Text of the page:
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Base Worship Drama on the Lectionary

In contrast to Jeff Barker, who often presents Old Testament passages as brief plays or mimes in place of or during the sermon text, John Steven Paul writes liturgical plays long enough to replace the sermon.

In contrast to Jeff Barker, who often presents Old Testament passages as brief plays or mimes in place of or during the sermon text, John Steven Paul writes liturgical plays long enough to replace the sermon.

“I have been writing liturgical plays—designed to fit into worship services like sermons—for 18 years,” says Paul, a theatre professor and director of the Soul Purpose drama ministry at Valparaiso University, in Valparaiso, Indiana.

He bases a play on a lectionary reading but writes it so that the congregation “hears echoes or allusions to the other readings and psalm for the day.”

Inspired by the lectionary

Paul’s choice to stage lectionary dramas flows out of his heritage. He grew up in the Missouri Synod Lutheran Church, married a Roman Catholic, and teaches at the largest independent Lutheran university in the U.S.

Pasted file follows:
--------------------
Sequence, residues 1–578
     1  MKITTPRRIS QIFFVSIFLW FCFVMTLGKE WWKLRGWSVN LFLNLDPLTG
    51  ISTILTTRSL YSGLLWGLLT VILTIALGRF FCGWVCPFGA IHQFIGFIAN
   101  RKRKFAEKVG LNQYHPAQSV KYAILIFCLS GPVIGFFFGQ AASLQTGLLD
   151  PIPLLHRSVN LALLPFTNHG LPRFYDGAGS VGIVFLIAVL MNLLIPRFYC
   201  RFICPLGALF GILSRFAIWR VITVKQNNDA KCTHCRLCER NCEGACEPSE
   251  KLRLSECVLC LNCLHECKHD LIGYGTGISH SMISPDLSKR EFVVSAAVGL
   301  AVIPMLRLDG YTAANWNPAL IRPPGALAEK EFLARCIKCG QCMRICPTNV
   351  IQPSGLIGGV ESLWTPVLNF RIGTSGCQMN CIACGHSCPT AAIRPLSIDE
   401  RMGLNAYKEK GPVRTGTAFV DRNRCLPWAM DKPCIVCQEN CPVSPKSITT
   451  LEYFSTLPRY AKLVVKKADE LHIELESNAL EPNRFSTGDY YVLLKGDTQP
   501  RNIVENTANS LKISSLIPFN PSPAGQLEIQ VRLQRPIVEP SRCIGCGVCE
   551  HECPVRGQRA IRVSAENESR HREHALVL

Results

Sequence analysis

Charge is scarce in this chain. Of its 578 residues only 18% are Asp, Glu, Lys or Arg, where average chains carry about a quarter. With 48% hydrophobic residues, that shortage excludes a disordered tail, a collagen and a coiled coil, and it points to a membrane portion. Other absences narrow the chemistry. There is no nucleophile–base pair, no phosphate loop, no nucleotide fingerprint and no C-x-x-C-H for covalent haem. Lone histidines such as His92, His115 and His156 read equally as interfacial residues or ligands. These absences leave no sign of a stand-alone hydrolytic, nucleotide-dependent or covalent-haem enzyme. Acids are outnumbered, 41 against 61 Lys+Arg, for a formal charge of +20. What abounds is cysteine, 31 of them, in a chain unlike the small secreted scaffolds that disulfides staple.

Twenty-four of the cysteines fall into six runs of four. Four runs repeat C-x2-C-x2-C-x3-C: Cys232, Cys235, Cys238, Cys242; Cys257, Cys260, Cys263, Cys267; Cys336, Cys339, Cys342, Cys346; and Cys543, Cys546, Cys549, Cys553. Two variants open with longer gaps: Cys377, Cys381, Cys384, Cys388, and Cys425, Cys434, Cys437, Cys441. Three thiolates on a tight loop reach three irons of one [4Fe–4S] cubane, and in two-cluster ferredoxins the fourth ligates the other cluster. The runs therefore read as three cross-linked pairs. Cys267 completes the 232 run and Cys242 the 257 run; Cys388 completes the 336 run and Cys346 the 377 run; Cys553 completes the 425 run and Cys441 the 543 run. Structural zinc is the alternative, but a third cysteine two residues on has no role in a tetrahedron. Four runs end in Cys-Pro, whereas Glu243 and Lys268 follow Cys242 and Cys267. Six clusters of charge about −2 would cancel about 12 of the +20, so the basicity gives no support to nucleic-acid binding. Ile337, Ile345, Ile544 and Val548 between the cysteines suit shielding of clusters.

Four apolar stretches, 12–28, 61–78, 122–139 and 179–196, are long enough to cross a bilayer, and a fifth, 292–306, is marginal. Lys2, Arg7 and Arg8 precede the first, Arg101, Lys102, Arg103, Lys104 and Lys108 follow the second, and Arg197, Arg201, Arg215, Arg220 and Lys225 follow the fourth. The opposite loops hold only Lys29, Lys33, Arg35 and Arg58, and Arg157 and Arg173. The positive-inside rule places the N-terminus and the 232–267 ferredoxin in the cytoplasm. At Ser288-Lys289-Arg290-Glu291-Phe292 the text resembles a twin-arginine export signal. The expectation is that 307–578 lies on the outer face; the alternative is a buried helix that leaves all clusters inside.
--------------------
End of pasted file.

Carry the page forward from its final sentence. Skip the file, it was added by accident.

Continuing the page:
He’s used to hearing the Bible each Sunday—“mainly in chunks.” The lectionary tradition lets you hear, sing, or speak four passages each week. But Paul notes that if you don’t also read the Bible on your own, you might not grasp the stories or understand the Bible as a whole.

“It always bugged me that actors weren’t as welcome to contribute their art to liturgy as musicians and banner makers have been. I think there’s been more openness to drama in evangelical churches than on the Lutheran and Catholic side,” Paul said at a recent Calvin Festival of Faith and Writing workshop.

Writing lectionary drama is a practical way to fit drama “unannounced, as seamlessly as possible, as a reading or sermon,” into highly liturgical churches.

“Barbara Brown Taylor has called the liturgy a road map back to God. It’s a neat way of thinking about liturgical drama. God comes to us, calls us in worship, heals us, forgives us, enables us, empowers us,” Paul said.

Unlike some playwrights, Paul says his head isn’t filled with stories. He’s not a natural joker or storyteller. He gets his inspiration for non-liturgical plays from the newspaper and listening to people talk.

He finds that using the lectionary as a story source is also a good way to cross boundaries out of liturgical drama into other drama.

In about one of five performances, Soul Purpose presents a lectionary drama in a non-lectionary church. “It’s liberating, because we can perform any play that seems appropriate,” Paul says. The plays seem to work well whether or not churches follow a set cycle of Scripture readings.

Internalizing Bible stories

Paul likes how lectionary plays serve his students and the church. His playwriting workshops start with very close readings of lectionary texts. Students repeat readings till they really understand a passage’s setting, emotions, and meaning. They use the New Revised Standard Version, and Paul asks students who know Hebrew or Greek to contribute their insights.